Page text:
Reopening, in All Its Old Glory
The Smithsonian National Museum of American History will open its doors this morning for the first time in more than two years.
Back will be Old Glory, Thomas Edison's light bulb and Dorothy's ruby red slippers. Also back, particularly this weekend, will be the crowds.
Don't say we didn't warn you.
Having said that, there's no doubt that the centerpiece of the renovated museum -- the American flag that inspired Francis Scott Key to write his famous poem -- has never looked more magnificent. It's inspiring as it sits behind a 35-foot glass wall in a theaterlike space, dimly lit to recall "dawn's early light." Key's words are simply displayed above the 30-by-34-foot flag.
This space, in contrast to the old one, is meant to be calming and quiet.
It's also relatively small, especially the area available to stand in front of the flag. The museum has no plans to issue tickets to manage the crowds passing through the Star-Spangled Gallery. (Helpful hint: According to a museum representative, Thanksgiving Day is less crowded, as are the days leading up to Christmas.)
There's much to like about the new old museum. The entrance is spacious, open and bright, with a skylight and balconies surrounding the atrium. You may have a hard time remembering what the old museum looked like. An abstract flag made of a silver reflective material greets visitors on the far wall as they walk in. Behind that is the Star-Spangled Banner.
Many of the museum's favorites are back: Kermit the Frog, Julia Child's kitchen. Some are not: the Foucault Pendulum, demonstrating the rotation of the Earth. The space where it was is marked by a gray circle.
If you visit the museum this weekend, there will be plenty of special events:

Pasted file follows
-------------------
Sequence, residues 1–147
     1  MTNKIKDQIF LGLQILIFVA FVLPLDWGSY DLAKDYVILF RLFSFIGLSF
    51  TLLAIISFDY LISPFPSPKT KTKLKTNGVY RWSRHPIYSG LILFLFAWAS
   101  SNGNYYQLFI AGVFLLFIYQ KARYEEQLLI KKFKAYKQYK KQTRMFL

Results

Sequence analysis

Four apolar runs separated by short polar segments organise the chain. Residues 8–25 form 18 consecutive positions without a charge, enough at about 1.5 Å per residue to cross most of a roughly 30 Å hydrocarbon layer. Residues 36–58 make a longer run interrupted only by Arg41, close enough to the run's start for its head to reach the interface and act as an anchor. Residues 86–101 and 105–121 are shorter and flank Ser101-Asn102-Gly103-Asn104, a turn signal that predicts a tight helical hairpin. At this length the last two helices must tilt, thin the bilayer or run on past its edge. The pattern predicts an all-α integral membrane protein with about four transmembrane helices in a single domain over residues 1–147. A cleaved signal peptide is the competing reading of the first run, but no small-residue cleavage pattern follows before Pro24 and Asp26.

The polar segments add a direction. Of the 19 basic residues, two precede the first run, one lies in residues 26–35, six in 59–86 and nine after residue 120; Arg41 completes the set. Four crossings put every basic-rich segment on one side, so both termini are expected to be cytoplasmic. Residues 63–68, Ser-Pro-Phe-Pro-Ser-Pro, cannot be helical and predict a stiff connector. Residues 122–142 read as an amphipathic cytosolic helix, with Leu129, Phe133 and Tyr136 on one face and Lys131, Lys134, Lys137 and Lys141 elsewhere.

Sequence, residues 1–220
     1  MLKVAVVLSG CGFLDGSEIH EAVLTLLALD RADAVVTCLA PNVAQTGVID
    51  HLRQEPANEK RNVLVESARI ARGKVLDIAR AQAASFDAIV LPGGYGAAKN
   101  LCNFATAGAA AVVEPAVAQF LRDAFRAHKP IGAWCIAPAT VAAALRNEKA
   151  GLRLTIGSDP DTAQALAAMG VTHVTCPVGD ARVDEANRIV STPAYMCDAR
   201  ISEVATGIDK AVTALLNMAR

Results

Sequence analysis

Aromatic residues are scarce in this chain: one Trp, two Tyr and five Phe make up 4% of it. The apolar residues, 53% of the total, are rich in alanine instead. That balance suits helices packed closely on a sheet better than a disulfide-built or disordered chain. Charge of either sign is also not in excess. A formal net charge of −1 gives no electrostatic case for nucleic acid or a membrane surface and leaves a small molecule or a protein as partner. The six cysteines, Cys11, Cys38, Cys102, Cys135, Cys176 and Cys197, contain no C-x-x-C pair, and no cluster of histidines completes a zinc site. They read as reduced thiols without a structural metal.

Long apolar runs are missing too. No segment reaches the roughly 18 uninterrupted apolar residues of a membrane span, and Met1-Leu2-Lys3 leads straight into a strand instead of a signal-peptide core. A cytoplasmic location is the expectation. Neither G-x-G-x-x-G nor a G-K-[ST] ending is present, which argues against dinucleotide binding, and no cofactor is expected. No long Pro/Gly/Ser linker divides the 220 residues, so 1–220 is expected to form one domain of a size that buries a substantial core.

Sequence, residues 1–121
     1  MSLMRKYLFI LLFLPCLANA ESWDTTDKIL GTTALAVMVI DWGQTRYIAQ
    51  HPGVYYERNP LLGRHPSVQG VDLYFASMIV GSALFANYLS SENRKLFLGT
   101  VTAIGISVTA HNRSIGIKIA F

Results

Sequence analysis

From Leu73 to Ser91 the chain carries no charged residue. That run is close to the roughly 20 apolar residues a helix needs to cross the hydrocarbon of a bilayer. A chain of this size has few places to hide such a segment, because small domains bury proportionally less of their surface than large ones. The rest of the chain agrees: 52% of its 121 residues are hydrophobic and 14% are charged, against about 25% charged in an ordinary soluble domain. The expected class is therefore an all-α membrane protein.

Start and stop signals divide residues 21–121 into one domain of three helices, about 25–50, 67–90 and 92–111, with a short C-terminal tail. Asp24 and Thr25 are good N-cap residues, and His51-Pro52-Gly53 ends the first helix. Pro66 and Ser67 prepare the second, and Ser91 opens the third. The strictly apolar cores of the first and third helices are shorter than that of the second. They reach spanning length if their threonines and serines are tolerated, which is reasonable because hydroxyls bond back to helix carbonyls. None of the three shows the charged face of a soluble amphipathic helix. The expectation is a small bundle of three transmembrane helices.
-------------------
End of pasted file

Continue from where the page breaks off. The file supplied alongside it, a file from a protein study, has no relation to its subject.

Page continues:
- Historical images will be projected onto the museum facade tonight and Saturday from 5 to 10.
- Help a Fort McHenry honor guard fold an American flag correctly Saturday at noon and 3 p.m. on the terrace, weather permitting.
- Invent something at SparkLab, a hands-on center for kids of all ages, Saturday and Sunday from 10 a.m. to 4 p.m. on the first floor of the west wing.· At carts throughout the museum, wear a corset, use a cotton gin or try other activities Americans would have done in the past Saturday and Sunday from 10:30 a.m. to 4 p.m.
- Learn what it was like to be part of the civil rights movement at a 20-minute talk led by an actor portraying 1960s activist Samuel Leonard on Saturday and Sunday at 11:30 a.m., 1:30 p.m. and 4:30 p.m. at the Greensboro lunch counter on the second floor of the east wing.
- Take a 15-minute tour of your favorite exhibit led by a docent Saturday and Sunday from 10:30 a.m. to 3 p.m.
- Check out live music: jazz on the first floor today at noon, 2:30 p.m., 4 p.m. and 5 p.m.; Saturday at noon, 2:30 p.m. and 4 p.m.; and Sunday at noon and 3 p.m. On Saturday only, there will be performances of 18th-century music at 10:30 a.m., 1 p.m. and 3 p.m. on Main Stage 1; bluegrass at 11:30 a.m., 1:30 p.m. and 3:30 p.m. on Acoustic Stage 3; and Dixieland music at 12:30 p.m., 2 p.m. at 4:30 p.m. on Acoustic Stage 3.
- Meet Mary Pickersgill, the star-spangled banner seamstress, and learn about the flag from a reenactor Saturday and Sunday from 12:30 to 12:50 p.m. and 3:30 to 3:50 p.m. in the second-floor Flag Hall.
- Listen to President George Washington (you know what we mean) and ask him questions Saturday at 11 a.m. and 2 p.m. in the second-floor Flag Hall.
- Moira E. McLaughlin